Francis Bacon was born in York House, London on January 22, 1561. His Father, Sir Nicholas Bacon, was the Lord Keeper of the Great Seal under Queen Elizabeth I. Bacon studied at Trinity College, Cambridge, from 1573 to 1575. The younger of two sons, Bacon was eighteen when his father died in 1576, leaving him impoverished.
This was the year Bacon gained entrance as a senior governor at a legal education institution, one of the four Inns of Court. He also traveled to France as a part of the English ambassador's suite, but was forced to return to England upon the news of his father's sudden death. He became a resident at Gray's Inn (one of the Inns of Court) and in 1582 was entitled a barrister. Although his career was successful, he had other political and philosophical ambitions. He entered politics but he experienced a tough setback due to his objections to increased expenses of the war against Spain, a position that displeased Queen Elizabeth.
In 1591 Bacon befriended the earl of Essex to whom Bacon offered the friendly advice. Essex in turn recommended Bacon for several high offices without, however, attaining any position. The relationship ended tragically in a failure of an expedition by Essex and his later attempted coup d'etat, which cost the head of Bacon's protector, Essex, in 1604.
The following year he married Alice Barnham, the daughter of a London alderman. In 1621, he was made Viscount St. Albans. The appointment was not to last long, for in the same year, he was charged with accepting bribes, tried and found guilty. His offices were taken from him and he was sentenced: a fine of L40,000, imprisonment during the king's pleasure, expatriation from parliament and exiled from coming within twelve miles of the court. Feeling utter disgrace, he went into retirement and devoted the remainder of his life to study and literary work. The parliamentary sentence, however, was not imposed, and King James I practically remitted his fine.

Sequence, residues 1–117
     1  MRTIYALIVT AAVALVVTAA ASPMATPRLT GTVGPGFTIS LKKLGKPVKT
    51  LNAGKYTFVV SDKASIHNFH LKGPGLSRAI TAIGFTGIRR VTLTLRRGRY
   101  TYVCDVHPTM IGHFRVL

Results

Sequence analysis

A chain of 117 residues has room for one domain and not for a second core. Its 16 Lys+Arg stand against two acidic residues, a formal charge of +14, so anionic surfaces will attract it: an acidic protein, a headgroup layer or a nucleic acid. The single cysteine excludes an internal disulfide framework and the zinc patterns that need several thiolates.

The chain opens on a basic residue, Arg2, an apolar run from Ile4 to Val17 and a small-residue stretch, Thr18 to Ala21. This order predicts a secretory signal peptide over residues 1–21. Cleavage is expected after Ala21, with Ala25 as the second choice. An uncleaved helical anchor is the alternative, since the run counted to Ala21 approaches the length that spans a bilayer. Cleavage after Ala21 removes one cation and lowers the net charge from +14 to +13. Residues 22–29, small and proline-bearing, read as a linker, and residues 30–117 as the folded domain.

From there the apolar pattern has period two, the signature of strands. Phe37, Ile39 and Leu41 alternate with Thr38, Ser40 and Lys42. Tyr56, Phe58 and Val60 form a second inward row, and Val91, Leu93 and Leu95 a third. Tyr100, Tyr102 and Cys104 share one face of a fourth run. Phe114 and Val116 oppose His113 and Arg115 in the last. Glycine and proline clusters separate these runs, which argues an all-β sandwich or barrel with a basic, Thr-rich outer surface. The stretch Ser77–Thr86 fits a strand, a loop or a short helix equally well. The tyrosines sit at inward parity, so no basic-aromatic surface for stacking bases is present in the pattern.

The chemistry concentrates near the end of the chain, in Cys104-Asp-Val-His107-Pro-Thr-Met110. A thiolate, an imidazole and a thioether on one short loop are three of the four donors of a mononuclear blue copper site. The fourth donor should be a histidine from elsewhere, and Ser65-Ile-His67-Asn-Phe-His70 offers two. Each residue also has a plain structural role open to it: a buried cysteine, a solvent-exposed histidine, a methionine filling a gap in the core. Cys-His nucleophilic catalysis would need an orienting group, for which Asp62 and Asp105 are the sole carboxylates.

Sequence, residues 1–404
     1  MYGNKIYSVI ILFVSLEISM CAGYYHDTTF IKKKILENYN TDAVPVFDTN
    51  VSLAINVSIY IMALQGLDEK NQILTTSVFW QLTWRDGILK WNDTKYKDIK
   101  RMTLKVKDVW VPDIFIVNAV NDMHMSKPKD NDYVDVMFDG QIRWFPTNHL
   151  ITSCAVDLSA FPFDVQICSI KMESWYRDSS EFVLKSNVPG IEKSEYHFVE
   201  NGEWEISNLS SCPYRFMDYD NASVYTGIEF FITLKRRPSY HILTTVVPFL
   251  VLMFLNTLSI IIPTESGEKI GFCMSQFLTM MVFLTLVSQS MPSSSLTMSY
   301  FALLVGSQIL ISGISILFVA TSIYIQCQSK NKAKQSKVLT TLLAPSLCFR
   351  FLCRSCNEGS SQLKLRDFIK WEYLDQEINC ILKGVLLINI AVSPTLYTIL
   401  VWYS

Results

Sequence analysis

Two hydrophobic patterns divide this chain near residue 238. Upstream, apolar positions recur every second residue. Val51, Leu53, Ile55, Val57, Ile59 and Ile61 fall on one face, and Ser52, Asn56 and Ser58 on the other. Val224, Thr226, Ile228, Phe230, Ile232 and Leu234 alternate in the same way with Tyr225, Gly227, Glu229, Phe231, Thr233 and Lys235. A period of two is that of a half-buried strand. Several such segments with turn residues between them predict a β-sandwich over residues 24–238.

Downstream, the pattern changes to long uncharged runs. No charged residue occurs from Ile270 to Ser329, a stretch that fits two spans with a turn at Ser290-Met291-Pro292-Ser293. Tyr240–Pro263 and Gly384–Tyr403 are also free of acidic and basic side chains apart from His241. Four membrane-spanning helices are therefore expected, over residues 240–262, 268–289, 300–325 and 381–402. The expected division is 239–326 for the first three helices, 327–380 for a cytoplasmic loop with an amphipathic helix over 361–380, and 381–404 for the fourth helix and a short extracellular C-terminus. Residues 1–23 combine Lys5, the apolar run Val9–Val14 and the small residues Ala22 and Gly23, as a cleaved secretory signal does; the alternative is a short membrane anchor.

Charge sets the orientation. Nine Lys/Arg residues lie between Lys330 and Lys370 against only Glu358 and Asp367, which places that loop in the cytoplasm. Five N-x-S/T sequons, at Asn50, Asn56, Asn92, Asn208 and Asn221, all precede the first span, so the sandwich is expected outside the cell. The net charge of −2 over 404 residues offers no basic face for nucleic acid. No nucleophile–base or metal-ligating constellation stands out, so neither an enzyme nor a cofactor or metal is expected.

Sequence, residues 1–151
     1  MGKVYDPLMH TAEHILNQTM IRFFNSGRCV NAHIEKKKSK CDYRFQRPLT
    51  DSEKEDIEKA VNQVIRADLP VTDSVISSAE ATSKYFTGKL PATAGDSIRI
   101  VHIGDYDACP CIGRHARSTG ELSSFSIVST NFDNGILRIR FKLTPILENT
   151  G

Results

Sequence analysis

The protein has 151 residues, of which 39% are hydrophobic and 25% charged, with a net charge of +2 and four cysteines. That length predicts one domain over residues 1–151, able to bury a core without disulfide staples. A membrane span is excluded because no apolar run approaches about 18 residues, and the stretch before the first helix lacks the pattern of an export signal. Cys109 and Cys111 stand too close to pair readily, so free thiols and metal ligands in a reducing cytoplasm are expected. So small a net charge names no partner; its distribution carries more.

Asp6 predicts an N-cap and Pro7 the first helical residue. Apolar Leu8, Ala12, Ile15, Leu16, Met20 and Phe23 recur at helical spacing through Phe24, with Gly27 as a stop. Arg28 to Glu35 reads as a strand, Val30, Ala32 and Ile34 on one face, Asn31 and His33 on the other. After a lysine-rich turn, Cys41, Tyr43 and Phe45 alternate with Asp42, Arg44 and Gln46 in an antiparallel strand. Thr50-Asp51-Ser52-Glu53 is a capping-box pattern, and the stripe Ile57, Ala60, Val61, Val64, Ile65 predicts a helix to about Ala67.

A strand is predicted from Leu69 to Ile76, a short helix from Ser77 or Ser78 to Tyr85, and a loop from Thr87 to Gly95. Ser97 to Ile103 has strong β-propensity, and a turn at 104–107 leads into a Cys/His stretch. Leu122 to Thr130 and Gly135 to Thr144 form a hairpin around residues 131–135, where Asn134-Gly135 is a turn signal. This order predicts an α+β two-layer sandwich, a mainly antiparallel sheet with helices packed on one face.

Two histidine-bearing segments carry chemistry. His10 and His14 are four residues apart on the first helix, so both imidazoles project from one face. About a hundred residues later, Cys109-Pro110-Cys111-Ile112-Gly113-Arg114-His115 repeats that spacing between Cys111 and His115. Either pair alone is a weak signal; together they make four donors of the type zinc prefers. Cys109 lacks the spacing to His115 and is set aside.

In March 1626, Bacon attempted a scientific experiment; he bought a chicken in order to see how long its flesh could be preserved by stuffing it with snow. He caught cold and went to stay at the Earl of Arundel's house nearby. Bacon preferred the nobleman's best room, where there was a damp bed, to a more modest room in which there was a dry bed. On April 9, 1626, due to complications arising from bronchitis, Francis Bacon died at Highgate, in the Earl of Arundel's house.
“Of Studies” is the first essay of the first collection of ten essays of Francis Bacon which was published in 1597. But it was revised for the edition of 1612. More than dozen new sentences were added and some words were also altered. “Of Studies” is typically Baconian essay with an astonishing terseness, freshness of illustrations, logical analysis, highly Latinized vocabulary, worldly wisdom and Renaissance enlightenment.
Francis Bacon explains the advantages of studying in our life, LOGICALLY.
He pursues wisdom. He showed his personal stand point in the topic which is “study”.
He also uses some RHETORICAL DEVICES or LITERARY DEVICES such as PARALLELISM. He uses parallelism to clearly show the correspondence of each idea existing on the essay.
COPY OF THE ESSAY
STUDIES serve for delight, for ornament, and for ability. Their chief use for delight is in privateness and retiring; for ornament, is in discourse; and for ability, is in the judgment, and disposition of business. For expert men can execute, and perhaps judge of particulars, one by one; but the general counsels, and the plots and marshalling of affairs, come best, from those that are learned. To spend too much time in studies is sloth; to use them too much for ornament, is affectation; to make judgment wholly by their rules, is the humor of a scholar. They perfect nature, and are perfected by experience: for natural...
Please join StudyMode to read the full document